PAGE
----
NIGEL Farage is trying to draw the line on a new culture war - and this time he is content to literally let the planet burn for his own gain.

The former UKIP leader is no novice when it comes to starting and running a campaign from the political sidelines, and the success of getting Brexit over the line has galvanised him into taking on a new lefty-villain - the climate crisis and bid for Net Zero.

Never mind the science, Farage has a particular crowd to play to - the Tory fringe and the far-right.

So why is Farage suddenly so interested in a referendum on Net Zero, and is there anything in his Brexit campaigning language that gives any clues?

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Who is the referendum on Net Zero bid aimed at?

The same with Brexit - Farage is playing to the hard-right of the Tory party and at the same time those in society who feel disenfranchised by those in power.

The headline of his Mail on Sunday piece fires at “Net Zero zealots” and “elitists” - you don’t even have to go back as far as 2016 to see Farage levelling the phrase “political elites” at the EU, and subsequently, the Tory UK Government for not bringing in Brexit fast enough.

With energy bills rising, the public is already feeling the pinch on their finances, and Farage has leapt on the moment to try and sow further division. He sets out his pitch succinctly in one sentence: “If we are not careful, the only zero will be the amount in people’s bank accounts as we send our jobs and money overseas.”

The National:

Why Net Zero?

The Tory fringe have been rumbling about climate change policies in the background for a while, and it’s no coincidence that there’s another party within a party group - like the European Research Group (ERG) - whose members are publicly spouting anti-Net Zero claims.

The Net Zero Scrutiny Group (NZSG) is reportedly made up of around 19 Tory MPs, and links to the lobby firm Global Warming Policy Foundation - which campaigns against policies to mitigate climate change - have been established by The Guardian.

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Farage has spotted an opportunity to pull influence here once again. The UK Government and front bench ministers, despite watered down commitments at COP26, have made pledges to reach Net Zero by 2050, and it was part of the Conservative’s manifesto promises in 2019.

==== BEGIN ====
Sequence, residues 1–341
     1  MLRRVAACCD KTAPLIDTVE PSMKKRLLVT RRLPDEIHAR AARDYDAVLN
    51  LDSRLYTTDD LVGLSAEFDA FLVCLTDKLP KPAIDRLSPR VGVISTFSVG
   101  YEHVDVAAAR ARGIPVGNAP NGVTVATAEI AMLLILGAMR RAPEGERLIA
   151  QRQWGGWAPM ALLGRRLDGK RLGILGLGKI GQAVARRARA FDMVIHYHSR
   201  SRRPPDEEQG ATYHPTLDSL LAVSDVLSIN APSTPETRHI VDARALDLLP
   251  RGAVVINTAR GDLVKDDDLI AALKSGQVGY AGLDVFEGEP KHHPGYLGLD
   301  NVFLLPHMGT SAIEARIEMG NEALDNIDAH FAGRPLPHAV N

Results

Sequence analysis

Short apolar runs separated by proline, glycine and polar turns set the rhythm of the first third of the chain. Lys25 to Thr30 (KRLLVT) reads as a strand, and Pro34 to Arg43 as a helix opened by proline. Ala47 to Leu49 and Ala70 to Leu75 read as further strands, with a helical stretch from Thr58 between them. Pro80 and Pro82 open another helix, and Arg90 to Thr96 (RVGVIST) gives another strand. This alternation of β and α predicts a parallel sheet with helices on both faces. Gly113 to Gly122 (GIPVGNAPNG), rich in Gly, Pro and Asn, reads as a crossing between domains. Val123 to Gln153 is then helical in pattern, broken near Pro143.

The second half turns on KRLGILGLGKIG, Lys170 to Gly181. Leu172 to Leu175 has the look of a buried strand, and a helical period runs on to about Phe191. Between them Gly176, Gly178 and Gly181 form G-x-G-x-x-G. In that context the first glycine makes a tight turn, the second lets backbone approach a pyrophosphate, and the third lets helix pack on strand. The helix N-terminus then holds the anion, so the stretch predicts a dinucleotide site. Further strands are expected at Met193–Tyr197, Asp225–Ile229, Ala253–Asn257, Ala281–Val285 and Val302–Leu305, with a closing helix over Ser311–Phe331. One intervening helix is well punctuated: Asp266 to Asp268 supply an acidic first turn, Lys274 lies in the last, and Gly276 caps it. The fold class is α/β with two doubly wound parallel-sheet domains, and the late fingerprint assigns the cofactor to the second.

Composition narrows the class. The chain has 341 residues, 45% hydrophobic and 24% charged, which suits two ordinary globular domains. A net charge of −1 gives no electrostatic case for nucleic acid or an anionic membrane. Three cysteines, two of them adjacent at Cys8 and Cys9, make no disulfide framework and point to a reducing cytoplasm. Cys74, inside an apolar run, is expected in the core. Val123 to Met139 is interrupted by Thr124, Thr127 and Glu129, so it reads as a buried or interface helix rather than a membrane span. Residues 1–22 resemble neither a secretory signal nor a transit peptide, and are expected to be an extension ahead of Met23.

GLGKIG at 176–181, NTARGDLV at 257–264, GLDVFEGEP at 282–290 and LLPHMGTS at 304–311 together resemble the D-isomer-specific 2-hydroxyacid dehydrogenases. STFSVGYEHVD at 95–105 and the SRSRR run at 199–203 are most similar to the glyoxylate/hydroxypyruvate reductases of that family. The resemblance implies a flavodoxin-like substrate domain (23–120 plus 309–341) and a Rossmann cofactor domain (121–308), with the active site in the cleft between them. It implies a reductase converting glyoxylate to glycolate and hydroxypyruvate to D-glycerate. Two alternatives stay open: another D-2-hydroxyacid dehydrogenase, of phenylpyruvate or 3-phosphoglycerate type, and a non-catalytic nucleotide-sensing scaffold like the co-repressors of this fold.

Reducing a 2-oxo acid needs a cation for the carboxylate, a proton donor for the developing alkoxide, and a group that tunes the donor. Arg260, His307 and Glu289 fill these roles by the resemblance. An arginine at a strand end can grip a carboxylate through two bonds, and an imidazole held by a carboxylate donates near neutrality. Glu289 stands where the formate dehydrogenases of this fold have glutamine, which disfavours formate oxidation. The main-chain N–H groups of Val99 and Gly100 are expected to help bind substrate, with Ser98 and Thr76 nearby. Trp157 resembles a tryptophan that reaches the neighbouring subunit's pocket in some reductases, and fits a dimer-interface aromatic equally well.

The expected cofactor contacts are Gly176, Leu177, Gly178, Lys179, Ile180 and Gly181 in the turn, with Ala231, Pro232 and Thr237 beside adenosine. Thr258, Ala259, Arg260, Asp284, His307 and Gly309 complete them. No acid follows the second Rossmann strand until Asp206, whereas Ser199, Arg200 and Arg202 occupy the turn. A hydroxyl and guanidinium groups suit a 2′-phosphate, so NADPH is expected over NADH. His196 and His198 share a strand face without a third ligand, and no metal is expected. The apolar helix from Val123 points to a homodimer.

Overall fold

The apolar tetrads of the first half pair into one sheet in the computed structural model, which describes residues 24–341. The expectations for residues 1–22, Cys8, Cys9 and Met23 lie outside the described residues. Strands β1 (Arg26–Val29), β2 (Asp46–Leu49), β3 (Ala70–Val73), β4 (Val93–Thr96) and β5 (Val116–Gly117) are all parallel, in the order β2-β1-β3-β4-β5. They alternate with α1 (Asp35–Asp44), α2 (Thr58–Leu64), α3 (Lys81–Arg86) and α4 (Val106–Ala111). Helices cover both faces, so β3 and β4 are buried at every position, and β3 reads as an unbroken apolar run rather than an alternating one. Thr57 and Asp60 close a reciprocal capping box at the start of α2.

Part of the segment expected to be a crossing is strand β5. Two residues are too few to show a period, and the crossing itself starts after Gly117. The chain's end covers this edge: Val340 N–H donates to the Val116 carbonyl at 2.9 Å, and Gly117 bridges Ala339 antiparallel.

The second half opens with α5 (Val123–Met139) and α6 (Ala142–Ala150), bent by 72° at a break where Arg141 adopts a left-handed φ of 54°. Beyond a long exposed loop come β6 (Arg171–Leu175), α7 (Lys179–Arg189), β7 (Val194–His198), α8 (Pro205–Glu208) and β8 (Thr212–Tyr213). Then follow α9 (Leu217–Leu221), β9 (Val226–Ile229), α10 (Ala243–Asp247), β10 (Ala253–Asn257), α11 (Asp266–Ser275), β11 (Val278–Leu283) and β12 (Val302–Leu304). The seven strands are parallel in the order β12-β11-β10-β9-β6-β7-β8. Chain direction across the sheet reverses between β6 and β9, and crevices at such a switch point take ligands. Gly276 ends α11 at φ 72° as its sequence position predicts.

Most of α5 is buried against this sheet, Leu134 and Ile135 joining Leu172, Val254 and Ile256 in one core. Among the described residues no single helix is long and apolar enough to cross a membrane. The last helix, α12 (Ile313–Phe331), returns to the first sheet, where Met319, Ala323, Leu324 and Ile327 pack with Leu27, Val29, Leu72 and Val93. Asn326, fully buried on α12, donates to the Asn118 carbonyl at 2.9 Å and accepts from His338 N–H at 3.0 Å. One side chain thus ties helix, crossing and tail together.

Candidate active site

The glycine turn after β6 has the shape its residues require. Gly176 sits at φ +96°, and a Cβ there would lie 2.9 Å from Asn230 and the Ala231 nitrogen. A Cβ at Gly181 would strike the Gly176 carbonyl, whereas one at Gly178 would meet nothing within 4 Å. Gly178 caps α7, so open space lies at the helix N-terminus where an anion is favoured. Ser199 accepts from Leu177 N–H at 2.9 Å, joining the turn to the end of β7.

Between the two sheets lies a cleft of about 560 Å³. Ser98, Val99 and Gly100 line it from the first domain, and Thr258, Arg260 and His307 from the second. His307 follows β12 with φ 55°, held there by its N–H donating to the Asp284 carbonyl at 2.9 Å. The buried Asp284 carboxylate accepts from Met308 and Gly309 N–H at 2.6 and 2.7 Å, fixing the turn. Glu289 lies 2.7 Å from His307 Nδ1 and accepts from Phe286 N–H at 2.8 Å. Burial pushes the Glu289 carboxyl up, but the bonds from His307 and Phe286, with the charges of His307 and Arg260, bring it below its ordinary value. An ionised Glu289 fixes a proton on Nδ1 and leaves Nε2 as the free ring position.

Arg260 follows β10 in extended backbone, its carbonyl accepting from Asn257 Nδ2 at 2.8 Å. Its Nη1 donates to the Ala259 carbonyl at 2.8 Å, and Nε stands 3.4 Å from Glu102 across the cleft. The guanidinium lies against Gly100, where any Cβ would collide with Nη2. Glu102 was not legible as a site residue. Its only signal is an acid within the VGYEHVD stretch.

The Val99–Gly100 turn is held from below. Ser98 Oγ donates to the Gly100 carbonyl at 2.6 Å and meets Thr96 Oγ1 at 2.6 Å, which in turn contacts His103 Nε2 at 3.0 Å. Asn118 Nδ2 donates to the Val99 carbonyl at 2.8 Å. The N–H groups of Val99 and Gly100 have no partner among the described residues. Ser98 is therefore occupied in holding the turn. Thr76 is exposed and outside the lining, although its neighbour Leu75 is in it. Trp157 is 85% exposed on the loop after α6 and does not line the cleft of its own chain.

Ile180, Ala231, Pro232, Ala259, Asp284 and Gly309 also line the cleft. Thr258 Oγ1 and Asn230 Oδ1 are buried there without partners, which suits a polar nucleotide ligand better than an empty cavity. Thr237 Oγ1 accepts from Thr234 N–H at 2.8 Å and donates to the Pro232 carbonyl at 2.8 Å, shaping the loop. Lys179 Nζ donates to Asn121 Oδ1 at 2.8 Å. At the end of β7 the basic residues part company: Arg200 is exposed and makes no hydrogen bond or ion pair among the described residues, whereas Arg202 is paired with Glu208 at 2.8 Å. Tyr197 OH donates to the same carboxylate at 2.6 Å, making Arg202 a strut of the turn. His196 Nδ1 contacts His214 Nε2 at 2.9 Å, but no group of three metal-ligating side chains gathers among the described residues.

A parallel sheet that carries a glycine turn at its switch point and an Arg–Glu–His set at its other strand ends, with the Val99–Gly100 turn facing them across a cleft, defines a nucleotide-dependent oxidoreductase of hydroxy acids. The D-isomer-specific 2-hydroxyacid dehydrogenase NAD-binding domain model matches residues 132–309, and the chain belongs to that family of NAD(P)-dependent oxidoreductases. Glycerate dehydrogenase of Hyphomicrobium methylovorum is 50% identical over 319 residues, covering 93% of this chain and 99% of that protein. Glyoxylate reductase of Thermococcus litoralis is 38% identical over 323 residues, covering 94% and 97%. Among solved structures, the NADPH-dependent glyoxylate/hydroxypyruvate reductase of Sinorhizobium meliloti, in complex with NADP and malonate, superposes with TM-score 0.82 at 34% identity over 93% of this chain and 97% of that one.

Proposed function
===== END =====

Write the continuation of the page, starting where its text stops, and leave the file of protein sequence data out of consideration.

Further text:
Instead of pushing them to go faster for the good of the planet, Farage has stuck a trillion-dollar price tag on it and is attempting to spread fear and fury amongst the public. And let's not forget that the PM is dependent on his backbenchers - who likely populate these groups - to keep him in power.

The National:

How does this link to his Brexit campaign?

As noted above, Farage as a politician has a way of using language to stoke the fire and create division. He is again using similar language in his Mail on Sunday piece to establish a line between the public and the “elites”, as if there isn’t widespread support for Net Zero policies by the UK public, according to a poll from October last year.

Farage himself is connecting the two, as he wrote in the Mail: “Even though many privately knew it was an ill-thought-through aim, it has since become an article of faith among most MPs, with the mainstream media following obediently behind.

“The same high-minded principles that pertained to Britain’s membership of the EU apply to Net Zero.”

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The National:

Why now?

It’s not clear why Farage has chosen now to launch his next referendum bid, we could speculate that flailing ratings on his GB News programme have made him desperate for relevance and to be front and centre of the public eye once again.

It could be that he is keen to move the conversation away from his former admiration of Putin, lamenting that oligarchs had their assets seized or any perceived links between Russia, Brexit and Vote Leave.

Either way, Farage has proven himself once again to be without conscience and that he will create division for the sake of a few headlines, and potentially whatever his dark money sponsors tell him to. Let's hope the public won't fall for it this time.